Self-determination theory is a broad theory of motivation in work organizations that maintains the predictions of cognitive evaluation theory but also recognizes the limitations of the theory, such as organizational conditions under which predictions do not apply or are less relevant in real-world settings, which cognitive evaluation theory fails to recognize. The theory differentiates between various types of motivational states, distinguishes the organizational conditions where extrinsic rewards are more effective than intrinsic rewards, examines individual differences in orientation toward intrinsic versus extrinsic motivation and discusses managerial behavior that can enhance intrinsic motivation. Findings from the Deci et al. (1989) study have supported self-determination theory as an approach to work motivation by showing how managers can impact the work attitudes of their employees. The study reported that managerial autonomy support which included provision of options, giving relevant information in a non-autonomous way, acknowledging subordinates' perspectives and cultivating self-initiation resulted in employees having more positive work-related attitudes such as higher level of job satisfaction and increased level of trust in corporate management.[7]


Directional effects of rewards on motivation, depending on type of task, type of reward, and contingency of reward.

The overjustification effect is controversial because it challenges previous findings in psychology on the general effectiveness of reinforcement on increasing behavior, and also the widespread practice of using incentives in the classroom. These findings fail to account for situations whereby the nature of activities differ, such as in cases where the initial level of intrinsic interest in the activity is very low, introducing extrinsic contingencies may be essential for producing involvement.[2] These conclusions were challenged in a separate meta-analysis[8] which found that tangible rewards offered for outperforming others and for performing uninteresting tasks (in which intrinsic motivation is low) lead to increased intrinsic motivation,[9] and stated that the detrimental effects of rewards on motivation only occur in a specific, restricted set of conditions that could be easily avoided.[10] This set of analyses included both high-interest and low-interest tasks, whereas the original meta-analyses conducted by Deci and colleagues (1999) restricted analyses to tasks in which participants initially had high interest. In fact, a 2001 meta-analysis showed that rewards can increase intrinsic motivation for tasks that initially hold little intrinsic interest.[11]

Also, according to Eisenberger and Cameron, claimed negative effects of extrinsic rewards on task interest derived from the Deci study (1971) do not take into consideration that conditions manufactured in laboratory settings that produce these effects are not true reflections of situations in the real world. For example, in the Deci study the incentive was provided for one session and was then arbitrarily withdrawn in the next and such incentive plans do not exist in the real world. Also, the reduced intrinsic interest seen in subjects may be explained by a negative reaction when the reward was withheld.[10] Eisenberger and his colleagues also claimed that the validity of the dependent measure is highly questionable in the Deci study. Laboratory results that used the amount of free time spend on the task as the dependent measure are shown to be far weaker than when self reports are used for these measures. The Deci study gives far less weight to self reports, however self-reports about subjects' level of internal motivation seem to be a more direct measure of the psychological state of interest.[12]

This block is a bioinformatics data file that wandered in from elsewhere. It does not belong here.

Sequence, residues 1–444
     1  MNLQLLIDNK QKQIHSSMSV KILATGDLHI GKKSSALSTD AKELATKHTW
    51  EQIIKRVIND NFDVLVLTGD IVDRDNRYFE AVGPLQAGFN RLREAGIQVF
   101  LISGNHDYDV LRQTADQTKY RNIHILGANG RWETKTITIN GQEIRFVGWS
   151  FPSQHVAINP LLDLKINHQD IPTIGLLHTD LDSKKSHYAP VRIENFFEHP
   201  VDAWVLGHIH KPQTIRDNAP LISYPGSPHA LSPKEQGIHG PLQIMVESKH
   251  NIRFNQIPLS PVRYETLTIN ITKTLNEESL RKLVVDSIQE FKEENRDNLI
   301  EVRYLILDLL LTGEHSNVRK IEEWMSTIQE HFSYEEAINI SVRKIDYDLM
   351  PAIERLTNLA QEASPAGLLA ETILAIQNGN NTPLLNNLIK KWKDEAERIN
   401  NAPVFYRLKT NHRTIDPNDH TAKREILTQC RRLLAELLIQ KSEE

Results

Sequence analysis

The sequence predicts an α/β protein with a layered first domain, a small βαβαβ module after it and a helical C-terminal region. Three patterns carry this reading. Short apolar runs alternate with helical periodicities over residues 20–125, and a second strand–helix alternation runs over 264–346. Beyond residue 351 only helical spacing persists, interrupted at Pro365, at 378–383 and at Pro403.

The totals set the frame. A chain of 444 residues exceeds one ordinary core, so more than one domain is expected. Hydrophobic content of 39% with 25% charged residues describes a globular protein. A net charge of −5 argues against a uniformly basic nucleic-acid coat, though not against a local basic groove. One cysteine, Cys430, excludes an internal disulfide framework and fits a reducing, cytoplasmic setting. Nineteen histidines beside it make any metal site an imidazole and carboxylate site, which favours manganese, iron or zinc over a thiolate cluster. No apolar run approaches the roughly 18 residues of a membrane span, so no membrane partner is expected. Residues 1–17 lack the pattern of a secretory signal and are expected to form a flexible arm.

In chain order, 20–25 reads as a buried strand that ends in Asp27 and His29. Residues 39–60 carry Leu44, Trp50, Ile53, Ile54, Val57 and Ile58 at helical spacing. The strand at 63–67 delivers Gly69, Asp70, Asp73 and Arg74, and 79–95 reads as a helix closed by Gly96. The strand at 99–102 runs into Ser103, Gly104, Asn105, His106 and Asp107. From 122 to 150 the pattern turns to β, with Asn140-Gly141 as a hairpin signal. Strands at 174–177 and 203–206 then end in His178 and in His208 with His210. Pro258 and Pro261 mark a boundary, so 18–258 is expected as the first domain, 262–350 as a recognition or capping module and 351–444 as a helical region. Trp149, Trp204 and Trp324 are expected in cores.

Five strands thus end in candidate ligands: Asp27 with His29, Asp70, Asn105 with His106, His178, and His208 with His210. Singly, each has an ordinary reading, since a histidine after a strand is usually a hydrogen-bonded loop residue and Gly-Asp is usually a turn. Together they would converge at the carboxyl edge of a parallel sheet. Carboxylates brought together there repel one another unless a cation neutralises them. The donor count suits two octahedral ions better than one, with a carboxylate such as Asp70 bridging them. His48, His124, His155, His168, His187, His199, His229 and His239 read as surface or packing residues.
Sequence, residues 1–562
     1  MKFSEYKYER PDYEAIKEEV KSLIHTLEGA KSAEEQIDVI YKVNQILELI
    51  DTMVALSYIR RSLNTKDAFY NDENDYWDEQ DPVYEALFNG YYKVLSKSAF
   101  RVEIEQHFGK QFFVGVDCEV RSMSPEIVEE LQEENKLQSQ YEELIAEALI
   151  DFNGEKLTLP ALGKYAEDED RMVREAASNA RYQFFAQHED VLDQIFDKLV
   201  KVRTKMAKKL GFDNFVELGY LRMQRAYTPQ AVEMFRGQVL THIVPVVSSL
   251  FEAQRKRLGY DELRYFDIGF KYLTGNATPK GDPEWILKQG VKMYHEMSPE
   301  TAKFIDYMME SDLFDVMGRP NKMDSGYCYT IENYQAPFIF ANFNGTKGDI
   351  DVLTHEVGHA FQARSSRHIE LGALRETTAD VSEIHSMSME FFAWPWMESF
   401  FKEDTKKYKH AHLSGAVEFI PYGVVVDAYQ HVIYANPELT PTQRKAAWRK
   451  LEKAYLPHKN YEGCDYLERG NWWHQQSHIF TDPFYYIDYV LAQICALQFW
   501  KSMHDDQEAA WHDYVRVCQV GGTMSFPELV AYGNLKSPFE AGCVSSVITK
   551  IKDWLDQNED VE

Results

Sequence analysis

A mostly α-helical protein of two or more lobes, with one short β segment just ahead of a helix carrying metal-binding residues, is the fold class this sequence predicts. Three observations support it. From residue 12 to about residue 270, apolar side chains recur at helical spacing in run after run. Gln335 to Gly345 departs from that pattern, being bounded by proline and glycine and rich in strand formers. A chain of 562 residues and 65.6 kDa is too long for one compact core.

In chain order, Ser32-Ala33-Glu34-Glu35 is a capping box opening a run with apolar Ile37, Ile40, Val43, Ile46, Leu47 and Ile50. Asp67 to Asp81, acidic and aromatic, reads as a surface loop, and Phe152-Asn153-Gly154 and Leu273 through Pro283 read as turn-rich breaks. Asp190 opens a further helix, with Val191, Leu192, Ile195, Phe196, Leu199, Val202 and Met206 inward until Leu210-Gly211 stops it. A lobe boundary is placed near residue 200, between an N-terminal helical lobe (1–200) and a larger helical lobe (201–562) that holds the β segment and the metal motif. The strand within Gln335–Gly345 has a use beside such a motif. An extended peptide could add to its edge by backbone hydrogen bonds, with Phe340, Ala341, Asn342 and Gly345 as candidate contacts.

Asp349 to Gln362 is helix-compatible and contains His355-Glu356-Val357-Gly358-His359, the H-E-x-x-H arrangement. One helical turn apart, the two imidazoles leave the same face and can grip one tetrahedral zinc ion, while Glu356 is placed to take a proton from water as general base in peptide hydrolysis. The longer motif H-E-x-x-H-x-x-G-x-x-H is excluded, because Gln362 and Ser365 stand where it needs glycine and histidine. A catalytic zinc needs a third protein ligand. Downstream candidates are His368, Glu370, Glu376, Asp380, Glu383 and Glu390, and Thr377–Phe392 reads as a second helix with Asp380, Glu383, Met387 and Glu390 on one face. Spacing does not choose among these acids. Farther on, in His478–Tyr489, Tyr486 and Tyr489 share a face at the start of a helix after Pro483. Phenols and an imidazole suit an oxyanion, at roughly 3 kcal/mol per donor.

Considerable research has also shown that rewards tend to enhance feelings of competence and autonomy and high standards, pressure and competitiveness are able to increase these effects. For example, employees view earning incentives as enjoyable rather than a dreaded tool of management control. These findings are in contrast with the psychological mechanism for effects that Deci and his colleagues had claimed in the past. Also in the past 30 years, notable academic reviews of rewards have confirmed that monetary incentives have shown to significantly increase performance.[13] Additionally, some activities require a significant level of mastery or engagement before its attractiveness becomes apparent to an individual, in such cases external incentives may be useful to build individuals up to that level. Token economy programs represent one example in which there is evidence showing that such programs have successfully implemented extrinsic rewards to increase interest in certain broad classes of activities.[2]

There are also differences in effect among the different age groups. According to Deci et al. (1999), the negative effects extrinsic contingencies have on intrinsic motivation seem to be more severe for children than college students. One possible explanation is that college students have greater cognitive capacity, enabling them to better separate informational and controlling aspects of rewards. Hence they are able to interpret rewards as indicators of effective performance rather than controlling their behavior, which causes them to operate with performance-goal orientations. It is therefore speculated that such differences are far greater between children and employed workers.[6]